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Optics of those Chinese laser engraver modules?

dylanetaft

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On sites like banggood, there are cheap laser engravers. I ordered one. Anyone know the optics of the inside? Usually they have an adjustable focus ring.
Would I be correct in that there is a light collimating lens on the inside, and the little lens on the end that you twist is some sort of zoom lens?

From what I can see, the zoom lens might focus down to a 500um spot. I sort of want to get ~100um resolution. There are whole modules that can get down to that - but could I just do this with a convex lens downstream of the collimating lens that ships with the engraver?

If the laser is pre-collimated inside the module - would it be as simple as finding a lens on ebay with an appropriate focal length
and plugging it into a calculator?

https://www.ophiropt.com/laser--mea...focal-spot-size-calculator-for-gaussian-beams

If it's doable - do I need to worry about the type of glass - will it get hot if I encase it in a 3d printed case?

Basically, I am wondering if I can get like a 20mm focal length lens, mount it in a tube after the collimating lens that ends 20mm away from a workpiece to get a smaller beam?

The optics of these Chinese lasers are unspecified. It's a bit frustrating.
 

dylanetaft

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So, I think the "focusing" lens is a aspherical collimating lens. I'm reading about g2, g7, 3 lens, seems like marketing gibberish from Sanwu? If it really was a good collimating lens, the focus wouldn't be drastically affected if the work piece moves closer or further away from the lens?

The optical properties on these so called "collimating lenses" seem undocumented. What is the focal length? (Distance from laser output to the collimating lens)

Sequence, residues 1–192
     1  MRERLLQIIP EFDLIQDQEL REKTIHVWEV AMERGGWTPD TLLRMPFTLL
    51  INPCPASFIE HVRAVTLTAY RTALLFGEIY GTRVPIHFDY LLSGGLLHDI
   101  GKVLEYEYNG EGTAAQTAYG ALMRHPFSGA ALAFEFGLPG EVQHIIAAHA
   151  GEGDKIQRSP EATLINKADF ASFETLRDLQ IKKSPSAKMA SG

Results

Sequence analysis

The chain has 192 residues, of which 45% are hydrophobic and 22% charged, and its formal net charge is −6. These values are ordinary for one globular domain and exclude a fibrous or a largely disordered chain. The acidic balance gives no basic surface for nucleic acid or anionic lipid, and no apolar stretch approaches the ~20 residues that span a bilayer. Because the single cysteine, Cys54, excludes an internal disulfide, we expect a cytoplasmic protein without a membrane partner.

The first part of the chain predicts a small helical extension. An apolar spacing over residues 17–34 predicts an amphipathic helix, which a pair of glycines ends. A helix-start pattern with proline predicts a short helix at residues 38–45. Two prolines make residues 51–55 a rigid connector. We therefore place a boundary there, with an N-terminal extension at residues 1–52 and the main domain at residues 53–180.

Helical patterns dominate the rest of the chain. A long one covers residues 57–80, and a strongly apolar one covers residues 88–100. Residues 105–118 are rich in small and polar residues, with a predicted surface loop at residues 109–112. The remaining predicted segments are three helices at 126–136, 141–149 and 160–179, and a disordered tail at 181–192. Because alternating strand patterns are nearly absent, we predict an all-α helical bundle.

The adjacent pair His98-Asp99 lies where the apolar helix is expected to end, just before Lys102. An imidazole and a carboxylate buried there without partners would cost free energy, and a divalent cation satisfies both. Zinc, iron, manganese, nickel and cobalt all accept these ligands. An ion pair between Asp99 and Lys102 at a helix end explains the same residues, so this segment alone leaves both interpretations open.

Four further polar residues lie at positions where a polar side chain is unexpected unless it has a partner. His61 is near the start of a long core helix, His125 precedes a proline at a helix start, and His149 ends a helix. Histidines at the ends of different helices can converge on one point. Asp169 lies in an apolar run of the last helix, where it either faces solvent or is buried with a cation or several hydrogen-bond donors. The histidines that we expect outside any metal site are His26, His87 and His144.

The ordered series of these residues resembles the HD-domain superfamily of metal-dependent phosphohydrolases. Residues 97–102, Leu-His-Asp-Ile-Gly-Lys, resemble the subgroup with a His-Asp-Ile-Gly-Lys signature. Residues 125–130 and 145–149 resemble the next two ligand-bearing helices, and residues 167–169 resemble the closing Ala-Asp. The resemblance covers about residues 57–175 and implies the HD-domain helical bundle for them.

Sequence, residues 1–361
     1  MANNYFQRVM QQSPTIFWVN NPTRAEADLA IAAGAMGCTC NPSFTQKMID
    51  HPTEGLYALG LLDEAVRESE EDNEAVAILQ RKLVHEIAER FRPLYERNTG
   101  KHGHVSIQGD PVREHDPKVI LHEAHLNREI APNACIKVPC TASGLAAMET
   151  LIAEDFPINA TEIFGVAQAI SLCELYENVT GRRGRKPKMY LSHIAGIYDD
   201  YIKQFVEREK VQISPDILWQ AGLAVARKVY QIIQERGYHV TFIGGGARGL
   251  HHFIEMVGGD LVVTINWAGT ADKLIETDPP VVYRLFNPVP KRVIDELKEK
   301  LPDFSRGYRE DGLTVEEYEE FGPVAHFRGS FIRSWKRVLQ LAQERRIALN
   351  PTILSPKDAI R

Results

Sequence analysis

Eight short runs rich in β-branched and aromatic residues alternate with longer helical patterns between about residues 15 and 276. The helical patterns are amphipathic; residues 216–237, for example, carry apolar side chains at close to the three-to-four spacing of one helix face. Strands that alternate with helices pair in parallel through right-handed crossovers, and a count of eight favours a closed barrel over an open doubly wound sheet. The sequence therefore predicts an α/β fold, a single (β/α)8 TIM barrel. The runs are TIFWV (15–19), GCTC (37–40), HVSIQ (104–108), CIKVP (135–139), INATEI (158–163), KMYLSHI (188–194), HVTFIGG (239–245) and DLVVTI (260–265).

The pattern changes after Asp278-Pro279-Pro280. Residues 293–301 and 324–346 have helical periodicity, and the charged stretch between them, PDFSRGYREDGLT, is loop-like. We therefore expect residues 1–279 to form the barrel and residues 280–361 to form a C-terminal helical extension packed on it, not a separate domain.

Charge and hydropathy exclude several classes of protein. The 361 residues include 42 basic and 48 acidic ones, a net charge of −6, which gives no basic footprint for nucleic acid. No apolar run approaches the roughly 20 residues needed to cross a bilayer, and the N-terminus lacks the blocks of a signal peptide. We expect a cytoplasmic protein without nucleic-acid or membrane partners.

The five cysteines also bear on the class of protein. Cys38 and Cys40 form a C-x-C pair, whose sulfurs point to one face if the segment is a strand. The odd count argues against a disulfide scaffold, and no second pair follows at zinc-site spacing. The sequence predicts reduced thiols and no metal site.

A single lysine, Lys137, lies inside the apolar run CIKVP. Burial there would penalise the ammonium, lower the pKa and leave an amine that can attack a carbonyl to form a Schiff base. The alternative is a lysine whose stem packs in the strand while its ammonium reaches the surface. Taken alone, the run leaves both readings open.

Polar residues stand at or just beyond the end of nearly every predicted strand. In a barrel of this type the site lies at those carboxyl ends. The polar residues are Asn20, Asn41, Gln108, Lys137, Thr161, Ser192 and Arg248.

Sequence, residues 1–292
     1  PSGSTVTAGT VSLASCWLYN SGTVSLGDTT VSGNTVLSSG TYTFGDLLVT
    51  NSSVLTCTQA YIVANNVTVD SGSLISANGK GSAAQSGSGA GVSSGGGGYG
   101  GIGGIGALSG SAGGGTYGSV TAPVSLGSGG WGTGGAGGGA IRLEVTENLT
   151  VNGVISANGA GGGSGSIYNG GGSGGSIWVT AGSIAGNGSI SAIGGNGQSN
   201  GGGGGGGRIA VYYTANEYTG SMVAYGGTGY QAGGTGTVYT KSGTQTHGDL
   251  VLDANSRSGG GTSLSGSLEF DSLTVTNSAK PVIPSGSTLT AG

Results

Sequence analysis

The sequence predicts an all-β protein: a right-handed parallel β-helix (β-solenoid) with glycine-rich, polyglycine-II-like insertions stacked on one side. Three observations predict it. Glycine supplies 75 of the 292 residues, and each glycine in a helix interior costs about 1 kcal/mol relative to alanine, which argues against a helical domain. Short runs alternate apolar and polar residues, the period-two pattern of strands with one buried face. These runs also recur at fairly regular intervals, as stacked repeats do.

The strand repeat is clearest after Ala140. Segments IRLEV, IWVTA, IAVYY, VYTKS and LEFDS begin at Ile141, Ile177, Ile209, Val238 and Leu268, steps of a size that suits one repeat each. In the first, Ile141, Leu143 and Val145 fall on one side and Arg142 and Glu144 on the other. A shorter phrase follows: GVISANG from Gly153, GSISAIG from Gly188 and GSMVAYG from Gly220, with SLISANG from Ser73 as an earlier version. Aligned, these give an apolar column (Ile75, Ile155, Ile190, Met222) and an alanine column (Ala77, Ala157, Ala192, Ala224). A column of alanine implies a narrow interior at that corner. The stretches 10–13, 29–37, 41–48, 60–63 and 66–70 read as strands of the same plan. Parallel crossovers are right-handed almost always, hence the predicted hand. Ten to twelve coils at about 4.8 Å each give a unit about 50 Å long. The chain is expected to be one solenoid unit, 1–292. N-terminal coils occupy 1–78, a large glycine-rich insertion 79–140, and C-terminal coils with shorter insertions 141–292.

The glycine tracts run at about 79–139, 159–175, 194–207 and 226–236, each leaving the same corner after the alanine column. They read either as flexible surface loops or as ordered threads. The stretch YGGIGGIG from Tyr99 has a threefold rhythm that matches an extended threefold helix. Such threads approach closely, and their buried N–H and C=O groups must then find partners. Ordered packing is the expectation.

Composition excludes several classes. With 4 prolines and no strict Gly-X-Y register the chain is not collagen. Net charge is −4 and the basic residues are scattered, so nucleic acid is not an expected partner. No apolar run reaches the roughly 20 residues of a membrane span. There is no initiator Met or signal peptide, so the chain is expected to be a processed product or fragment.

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dylanetaft

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A few of them show up as 8 - 8.3mm focal length. I see sites like Edmund Optics have experimental grade lenses. When I get it in, it might be worth experimenting with a bit.
 

RedCowboy

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The divergence out of the diode is aggressive so for a hobby CNC if only 1 lens is used it's a short FL lens to grab the beam where it's as narrow as possible, the EFL of the G2 is 2.39mm

I know this can work for certain materials when the work piece is placed just a few inches from the lens ( setting the depth can be critical ) and the material being cut is not very thick, however it would be neat if a lens train was used to get a super tight beam, but I don't know as I have not purchased any of the Chinese heads, I don't know what's used in them although the early hobby type I have looked at used a G2 lens.

Also as the repurposed laser diodes evolved and got stronger the divergence of the aggressive axis increased, the 2,3, and 5 watt heads used diodes such as the ndb7875 and ndb7a75, however if using the nubm44 now the more aggressive axis could be a real factor as you want to cut with a square beam and not a long rectangle unless it can be focused down so tight that it won't make any real difference.

I am curious to know what you discover, please post your findings when you get your head.

---edit---

Also you should add to your post like I am doing here and don't double/triple post as people get upset about it and it's actually against the rules, that may sound picky but it cuts down on clutter and makes for a better reading experience. Just use the edit feature bottom left, Thanks.
 
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diachi

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Basically, I am wondering if I can get like a 20mm focal length lens, mount it in a tube after the collimating lens that ends 20mm away from a workpiece to get a smaller beam?

A longer focal length results in a larger beam waist (focal point) for any given input beam.

https://www.ophiropt.com/laser--mea...focal-spot-size-calculator-for-gaussian-beams

Shorter wavelengths can produce a smaller beam waist for any given input diameter/divergence/M2 factor.

Single mode (round output, Gaussian/near Gaussian beam profile) 405nm diodes (BDR-209 does about 900mW or so) are your best bet for achieving a small spot size.
 




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